Today we continue our celebration of Women’s History Month. Throughout March, we’re sharing the experiences and perspectives of four Fivetran women. Based in Bengaluru, Dublin and Oakland, they’re natural leaders who make Fivetran a stronger company and a better place to work. We asked for their thoughts on a range of issues, including how to sustain professional growth, where to look for career inspiration, and what advice they would give to their younger selves.
Last week we heard from Lead Customer Success Engineer Kiran Sharma; today we’re checking in with Senior Analytics Technical Product Manager Veronica Zhai.
Can you talk about a woman who’s had a positive impact on your career?
Definitely my mother. The two biggest lessons that she instilled in my life are to expect the highest level of excellence from yourself in everything, and to be independent. One example that jumps to mind is from my time in middle school, when my writing was not as good as my peers’ because I had skipped a grade and was younger. My mom found me a tutor and made sure that I worked on my weakness, and a few years later writing became one of my strongest subjects, which benefitted me for life.
In terms of independence, she has always been supportive of every single choice that I made, without meddling. I’m from China, and she gave me an incredible amount of ownership over my choices compared to my peers. I was just 17 when I decided I wanted to study abroad. My father thought I was too young, but my mother was completely supportive of me choosing to come to America, and all of the decisions I have made since coming here without ever trying to influence them.
What advice would you give your younger self?
The first piece of advice I would give to my younger self is that life is not linear and there are going to be challenges, more so when you are a minority, whether you’re a woman, immigrant, or a person of color, but you will get to where you want to be if you have strong faith, work hard and persist.
The second bit of advice for my younger self is to treat every obstacle as an opportunity to learn a useful skill, whether it’s having a challenging boss, being in an unfriendly working environment, encountering difficult subject matter, or something else. Sometimes I like to think of myself as being in a video game, and needing to overcome the obstacles ahead of me. If you don't overcome an obstacle now, you will encounter it again in the future. Obstacles are opportunities that enable us to grow and be better people.
How do you continue to grow professionally?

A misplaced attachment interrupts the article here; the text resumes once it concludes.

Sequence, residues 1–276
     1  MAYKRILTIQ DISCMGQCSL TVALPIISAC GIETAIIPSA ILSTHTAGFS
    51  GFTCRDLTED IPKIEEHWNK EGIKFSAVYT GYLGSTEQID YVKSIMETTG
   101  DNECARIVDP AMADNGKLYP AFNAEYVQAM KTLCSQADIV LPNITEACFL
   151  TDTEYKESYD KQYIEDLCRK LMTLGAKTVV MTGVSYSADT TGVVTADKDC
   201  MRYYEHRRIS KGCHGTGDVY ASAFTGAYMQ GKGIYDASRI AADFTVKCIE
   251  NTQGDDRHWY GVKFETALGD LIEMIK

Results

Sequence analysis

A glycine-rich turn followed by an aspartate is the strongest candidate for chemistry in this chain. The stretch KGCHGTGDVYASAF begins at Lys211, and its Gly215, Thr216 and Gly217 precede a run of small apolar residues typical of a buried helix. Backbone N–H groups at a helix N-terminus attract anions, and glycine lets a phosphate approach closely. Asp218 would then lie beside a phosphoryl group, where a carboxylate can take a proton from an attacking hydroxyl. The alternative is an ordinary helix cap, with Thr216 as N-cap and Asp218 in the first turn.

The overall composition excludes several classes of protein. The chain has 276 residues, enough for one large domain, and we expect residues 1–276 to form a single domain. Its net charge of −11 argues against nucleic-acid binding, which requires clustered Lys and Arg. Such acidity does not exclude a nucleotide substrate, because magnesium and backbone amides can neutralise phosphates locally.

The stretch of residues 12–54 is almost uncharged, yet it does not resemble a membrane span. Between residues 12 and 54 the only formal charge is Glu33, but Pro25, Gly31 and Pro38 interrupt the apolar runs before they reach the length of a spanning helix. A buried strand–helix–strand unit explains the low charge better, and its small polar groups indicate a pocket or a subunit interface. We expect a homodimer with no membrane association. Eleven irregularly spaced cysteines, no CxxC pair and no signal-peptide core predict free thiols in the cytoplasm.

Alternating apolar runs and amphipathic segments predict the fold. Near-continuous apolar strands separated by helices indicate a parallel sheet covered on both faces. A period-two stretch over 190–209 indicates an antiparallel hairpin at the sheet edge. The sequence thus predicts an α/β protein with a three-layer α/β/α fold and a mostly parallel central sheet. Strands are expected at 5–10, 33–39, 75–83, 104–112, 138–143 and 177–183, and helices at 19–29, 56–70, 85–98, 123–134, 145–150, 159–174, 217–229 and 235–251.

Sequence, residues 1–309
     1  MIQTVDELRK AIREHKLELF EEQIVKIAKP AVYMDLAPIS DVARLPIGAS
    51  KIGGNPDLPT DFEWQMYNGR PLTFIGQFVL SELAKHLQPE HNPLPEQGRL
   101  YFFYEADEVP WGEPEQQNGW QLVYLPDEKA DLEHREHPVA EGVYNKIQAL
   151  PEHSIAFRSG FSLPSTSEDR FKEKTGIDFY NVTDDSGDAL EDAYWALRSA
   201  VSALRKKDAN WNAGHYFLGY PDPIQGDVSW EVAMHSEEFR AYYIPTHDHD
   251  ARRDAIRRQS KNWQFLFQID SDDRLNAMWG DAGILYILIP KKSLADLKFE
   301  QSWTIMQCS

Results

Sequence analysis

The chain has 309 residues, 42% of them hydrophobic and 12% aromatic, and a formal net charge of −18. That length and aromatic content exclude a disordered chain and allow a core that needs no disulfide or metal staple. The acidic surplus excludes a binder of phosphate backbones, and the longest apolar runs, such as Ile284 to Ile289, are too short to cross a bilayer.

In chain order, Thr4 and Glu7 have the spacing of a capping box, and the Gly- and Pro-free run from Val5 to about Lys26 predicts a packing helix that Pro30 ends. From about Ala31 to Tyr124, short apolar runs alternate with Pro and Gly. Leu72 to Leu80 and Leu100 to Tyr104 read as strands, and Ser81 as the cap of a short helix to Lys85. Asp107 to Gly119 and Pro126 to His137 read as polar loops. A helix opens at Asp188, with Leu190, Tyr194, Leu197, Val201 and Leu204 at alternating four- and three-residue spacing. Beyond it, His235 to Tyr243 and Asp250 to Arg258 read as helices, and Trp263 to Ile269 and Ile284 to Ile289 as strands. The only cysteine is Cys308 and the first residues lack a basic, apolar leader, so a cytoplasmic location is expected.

There are two things that help with professional growth. The first is reading - I have found that there's no problem so novel that I can't find a book by some wise author who has done it successfully. So, on average I read a book every week or every two weeks.
The second source is through networking with other data professionals and making sure I’m keeping up with the latest best practices and developments in the industry. One way I do this is by reaching out to other analytics professionals on LinkedIn. I also try to attend industry conferences. The third way is by joining social networks - in my case one like Locally Optimistic - that is related to my subject matter expertise.
Who do you draw inspiration from today?
A great friend of mine, Aly Murray, who I met during the sales and trading internship at J.P. Morgan. She's been a huge inspiration in terms of contributing to society. She came from a low-income, single-parent household. She always got straight As, but because she didn't have the resources growing up, she didn't know how to navigate the higher education system. She went to a community college first, then got a scholarship to transfer to an Ivy League college and became a star analyst at J.P. Morgan. Despite a fantastic career, she quit and devoted herself to start a non-profit organization, UPchieve, that offers low-income students access to free, 24/7 on-demand STEM tutoring, the kinds of academic resources she didn’t have. Aly is a stellar example of how even though there are many challenges in life, there are successful women like her who will make a big splash in life when they approach life with incredible imagination, drive, and perseverance.
What would you be doing if you weren’t in tech?
I can see myself becoming an entrepreneur, solving some complex problems or investing in minority-led businesses. I enjoy thinking about how complex systems and people work. So I would find a lot of joy and meaning in inventing or tinkering with large-scale systems.